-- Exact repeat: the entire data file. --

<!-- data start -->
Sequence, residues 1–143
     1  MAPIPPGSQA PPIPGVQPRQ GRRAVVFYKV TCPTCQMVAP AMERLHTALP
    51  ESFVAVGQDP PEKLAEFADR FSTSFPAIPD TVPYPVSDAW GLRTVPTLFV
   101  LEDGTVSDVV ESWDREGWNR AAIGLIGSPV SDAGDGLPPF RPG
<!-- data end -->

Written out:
Sequence, residues 1–143
     1  MAPIPPGSQA PPIPGVQPRQ GRRAVVFYKV TCPTCQMVAP AMERLHTALP
    51  ESFVAVGQDP PEKLAEFADR FSTSFPAIPD TVPYPVSDAW GLRTVPTLFV
   101  LEDGTVSDVV ESWDREGWNR AAIGLIGSPV SDAGDGLPPF RPG